Wi-Fi Babies: Is Electronic Skin the Answer to SIDS Prevention?
The day my infant son was brought home was the day the most horrible thought any parent can conjure occurred to me—what if he stops breathing? Watching him lying there in his crib asleep; his little chest rising up and down scant millimeters with each breath powered by a pumping heart not much larger than a ping pong ball; wondering how the heck something so small can continue to keep running.
To a guy size means power. And if my infant son were an engine I would immediately want to outfit him with a four-barrel Holly carburetor, connect him to an engine monitor and tweak his fuel and air mixture until I was satisfied that his breathing had the purr of a souped-up Chevy Nova. Oh, and I would also do something about those fluid and gas leaks as well while at it.
New parent paranoia is something all parents go through. The unfortunate part, however, is when paranoia becomes a reality, and there is no reality more heart-wrenching than a family who has lost an infant to sudden infant death syndrome (SIDS). Fortunately, this may change. In the August issue of Science, researchers announce the invention of an electronic skin that has limitless potential for monitoring vital signs via a thin patch as innocuous as a child’s rub-on tattoo.
Materials Science researcher John Rogers and his colleagues at the University of Illinois, Urbana-Champaign have recently reported their invention of an electronic skin that can be applied to a patient to monitor heartbeats, muscle contractions, brain activity and voice. This “electronic skin” is a flexible latticework of electronic circuits sandwiched between sheets of polyester that sticks to human skin without the use of adhesives. It can be applied and removed easily and remain on the skin up to days at a time until the skin cells beneath the patch begin to naturally slough off.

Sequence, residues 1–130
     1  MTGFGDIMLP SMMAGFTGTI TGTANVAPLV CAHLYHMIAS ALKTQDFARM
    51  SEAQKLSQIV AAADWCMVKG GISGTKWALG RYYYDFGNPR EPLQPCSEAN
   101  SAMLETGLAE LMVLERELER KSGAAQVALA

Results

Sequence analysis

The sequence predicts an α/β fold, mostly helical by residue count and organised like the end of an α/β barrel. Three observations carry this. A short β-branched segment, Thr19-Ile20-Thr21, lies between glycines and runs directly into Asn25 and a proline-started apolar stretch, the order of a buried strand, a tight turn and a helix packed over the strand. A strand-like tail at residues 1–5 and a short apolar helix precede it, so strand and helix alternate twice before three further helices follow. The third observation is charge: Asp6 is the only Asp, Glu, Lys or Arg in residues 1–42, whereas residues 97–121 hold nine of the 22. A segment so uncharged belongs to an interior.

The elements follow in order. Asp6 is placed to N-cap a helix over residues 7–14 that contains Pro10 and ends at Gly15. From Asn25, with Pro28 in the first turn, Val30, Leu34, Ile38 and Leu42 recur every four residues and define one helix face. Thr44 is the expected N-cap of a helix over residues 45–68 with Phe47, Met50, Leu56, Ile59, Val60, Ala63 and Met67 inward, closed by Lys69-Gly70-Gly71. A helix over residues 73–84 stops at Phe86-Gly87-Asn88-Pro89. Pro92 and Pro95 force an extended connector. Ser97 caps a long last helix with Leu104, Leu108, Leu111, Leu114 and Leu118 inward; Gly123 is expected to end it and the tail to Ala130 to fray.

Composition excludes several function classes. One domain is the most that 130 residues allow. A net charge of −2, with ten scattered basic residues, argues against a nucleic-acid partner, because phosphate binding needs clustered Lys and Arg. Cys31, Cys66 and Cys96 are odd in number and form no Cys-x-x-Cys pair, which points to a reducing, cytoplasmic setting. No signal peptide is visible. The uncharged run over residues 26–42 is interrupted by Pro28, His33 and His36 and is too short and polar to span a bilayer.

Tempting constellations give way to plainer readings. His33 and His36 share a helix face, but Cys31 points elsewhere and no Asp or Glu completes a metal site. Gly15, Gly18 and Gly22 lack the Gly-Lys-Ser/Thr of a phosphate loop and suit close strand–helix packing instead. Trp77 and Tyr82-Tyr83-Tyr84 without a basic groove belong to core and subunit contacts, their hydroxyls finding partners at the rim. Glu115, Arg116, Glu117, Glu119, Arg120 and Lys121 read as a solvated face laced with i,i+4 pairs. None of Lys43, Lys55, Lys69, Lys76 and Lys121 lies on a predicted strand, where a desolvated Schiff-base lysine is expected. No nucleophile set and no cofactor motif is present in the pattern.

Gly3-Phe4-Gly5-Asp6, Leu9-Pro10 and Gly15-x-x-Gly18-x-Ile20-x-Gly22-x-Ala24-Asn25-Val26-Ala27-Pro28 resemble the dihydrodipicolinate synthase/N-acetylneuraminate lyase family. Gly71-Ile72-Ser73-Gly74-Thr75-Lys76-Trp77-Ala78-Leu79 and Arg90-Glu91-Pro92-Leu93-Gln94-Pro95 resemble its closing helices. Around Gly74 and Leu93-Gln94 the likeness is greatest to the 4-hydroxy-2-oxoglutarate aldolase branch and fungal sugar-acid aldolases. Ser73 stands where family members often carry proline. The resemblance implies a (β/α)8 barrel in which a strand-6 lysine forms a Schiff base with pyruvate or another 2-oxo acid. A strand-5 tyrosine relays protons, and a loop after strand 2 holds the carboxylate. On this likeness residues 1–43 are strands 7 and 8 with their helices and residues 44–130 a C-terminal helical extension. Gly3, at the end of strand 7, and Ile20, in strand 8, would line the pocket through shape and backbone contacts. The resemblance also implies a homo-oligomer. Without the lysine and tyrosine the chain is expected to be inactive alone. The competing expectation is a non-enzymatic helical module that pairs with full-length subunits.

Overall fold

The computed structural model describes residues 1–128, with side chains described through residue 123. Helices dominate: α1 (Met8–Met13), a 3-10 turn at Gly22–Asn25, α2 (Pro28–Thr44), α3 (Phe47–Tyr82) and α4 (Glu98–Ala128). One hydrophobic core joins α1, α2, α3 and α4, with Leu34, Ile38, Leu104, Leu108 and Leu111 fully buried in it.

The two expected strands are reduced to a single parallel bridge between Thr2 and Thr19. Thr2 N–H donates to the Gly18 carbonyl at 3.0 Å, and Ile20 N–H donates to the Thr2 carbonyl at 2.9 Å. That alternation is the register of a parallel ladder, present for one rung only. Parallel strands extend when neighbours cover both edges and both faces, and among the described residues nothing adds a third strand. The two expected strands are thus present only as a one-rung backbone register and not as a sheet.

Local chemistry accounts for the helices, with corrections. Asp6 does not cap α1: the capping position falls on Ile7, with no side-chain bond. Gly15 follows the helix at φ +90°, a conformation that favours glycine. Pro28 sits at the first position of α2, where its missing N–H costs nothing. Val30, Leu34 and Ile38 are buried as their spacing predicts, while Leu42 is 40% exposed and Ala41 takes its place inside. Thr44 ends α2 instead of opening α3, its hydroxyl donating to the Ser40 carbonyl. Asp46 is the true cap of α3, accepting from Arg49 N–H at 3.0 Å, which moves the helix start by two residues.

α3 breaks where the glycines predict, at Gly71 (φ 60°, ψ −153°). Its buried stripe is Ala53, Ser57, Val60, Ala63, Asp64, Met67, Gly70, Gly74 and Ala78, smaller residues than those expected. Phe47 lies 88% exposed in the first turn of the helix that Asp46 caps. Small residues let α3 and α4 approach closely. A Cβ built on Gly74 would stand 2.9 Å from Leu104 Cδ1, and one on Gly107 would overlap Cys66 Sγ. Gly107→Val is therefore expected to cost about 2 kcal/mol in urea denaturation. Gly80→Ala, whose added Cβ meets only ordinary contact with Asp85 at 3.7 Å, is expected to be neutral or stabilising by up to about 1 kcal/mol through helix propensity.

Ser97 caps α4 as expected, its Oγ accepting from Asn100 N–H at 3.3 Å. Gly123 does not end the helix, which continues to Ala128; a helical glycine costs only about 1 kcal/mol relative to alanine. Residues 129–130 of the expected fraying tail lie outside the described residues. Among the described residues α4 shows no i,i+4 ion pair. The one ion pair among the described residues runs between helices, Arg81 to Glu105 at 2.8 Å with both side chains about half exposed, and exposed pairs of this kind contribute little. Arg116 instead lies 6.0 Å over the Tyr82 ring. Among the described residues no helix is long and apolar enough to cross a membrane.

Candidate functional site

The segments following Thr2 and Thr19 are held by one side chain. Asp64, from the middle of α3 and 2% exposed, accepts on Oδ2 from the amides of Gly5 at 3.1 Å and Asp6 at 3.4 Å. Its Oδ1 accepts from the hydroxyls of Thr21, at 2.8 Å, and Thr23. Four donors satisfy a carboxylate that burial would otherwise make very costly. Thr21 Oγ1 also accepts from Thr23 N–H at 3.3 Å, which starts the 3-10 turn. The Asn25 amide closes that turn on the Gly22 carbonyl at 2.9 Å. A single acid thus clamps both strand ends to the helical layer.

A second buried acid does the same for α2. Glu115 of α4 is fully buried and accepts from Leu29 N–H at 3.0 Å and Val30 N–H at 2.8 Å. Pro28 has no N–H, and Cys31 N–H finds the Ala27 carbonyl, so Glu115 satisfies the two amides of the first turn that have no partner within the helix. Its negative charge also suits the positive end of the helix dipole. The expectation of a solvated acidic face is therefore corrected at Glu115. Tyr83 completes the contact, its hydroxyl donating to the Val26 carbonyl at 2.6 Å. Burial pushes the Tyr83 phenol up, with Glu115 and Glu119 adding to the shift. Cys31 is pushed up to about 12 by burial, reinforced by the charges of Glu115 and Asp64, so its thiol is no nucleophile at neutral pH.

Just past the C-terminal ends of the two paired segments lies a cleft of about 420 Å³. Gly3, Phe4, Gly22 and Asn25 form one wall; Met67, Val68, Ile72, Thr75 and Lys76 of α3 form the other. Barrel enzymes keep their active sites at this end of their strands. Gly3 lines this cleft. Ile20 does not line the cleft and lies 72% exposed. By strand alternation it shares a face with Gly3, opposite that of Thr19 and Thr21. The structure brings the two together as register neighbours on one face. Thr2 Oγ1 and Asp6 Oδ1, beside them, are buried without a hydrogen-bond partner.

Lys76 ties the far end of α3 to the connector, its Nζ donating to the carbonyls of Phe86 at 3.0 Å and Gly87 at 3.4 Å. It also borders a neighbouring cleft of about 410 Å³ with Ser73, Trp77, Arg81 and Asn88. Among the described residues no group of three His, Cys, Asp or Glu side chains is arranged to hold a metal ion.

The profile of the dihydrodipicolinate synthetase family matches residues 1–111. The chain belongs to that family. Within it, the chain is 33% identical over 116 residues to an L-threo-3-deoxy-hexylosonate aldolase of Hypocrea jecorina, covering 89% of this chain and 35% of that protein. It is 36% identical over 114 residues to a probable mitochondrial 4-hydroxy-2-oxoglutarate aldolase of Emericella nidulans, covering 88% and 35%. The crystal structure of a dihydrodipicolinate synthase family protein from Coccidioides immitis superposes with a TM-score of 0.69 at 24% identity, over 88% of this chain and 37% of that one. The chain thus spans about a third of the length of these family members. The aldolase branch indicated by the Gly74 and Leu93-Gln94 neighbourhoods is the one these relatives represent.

The electronics of the skin includes sensors, antennas, light emitting diodes, and solar cells or magnetic inductive coils to power the skin. The circuits connecting the components are S-shaped filaments that allow the skin to be stretched without breaking the circuits. Also included is a wireless transmitter that can send data remotely to a computer for analysis by a physician.
Rogers states, “Our main focus from a research standpoint is on healthcare related applications because I think that's the most impactful class of use of this kind of device. So we're spending our time mostly in that arena, physiological status monitoring, human-machine interfaces, devices to assist with physical rehabilitation.”